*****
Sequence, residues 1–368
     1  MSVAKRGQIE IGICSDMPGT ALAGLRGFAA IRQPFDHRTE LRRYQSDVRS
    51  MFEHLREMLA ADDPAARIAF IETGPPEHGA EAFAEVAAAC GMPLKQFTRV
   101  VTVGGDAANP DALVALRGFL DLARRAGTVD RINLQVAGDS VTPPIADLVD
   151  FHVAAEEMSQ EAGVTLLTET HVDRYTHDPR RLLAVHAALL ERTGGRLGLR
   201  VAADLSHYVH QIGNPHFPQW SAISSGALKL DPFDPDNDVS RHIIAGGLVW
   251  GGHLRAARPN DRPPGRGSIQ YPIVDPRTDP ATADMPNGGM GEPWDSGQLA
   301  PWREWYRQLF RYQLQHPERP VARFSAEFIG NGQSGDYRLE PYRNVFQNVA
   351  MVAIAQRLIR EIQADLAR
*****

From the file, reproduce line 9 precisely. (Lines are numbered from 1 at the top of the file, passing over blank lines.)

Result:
   351  MVAIAQRLIR EIQADLAR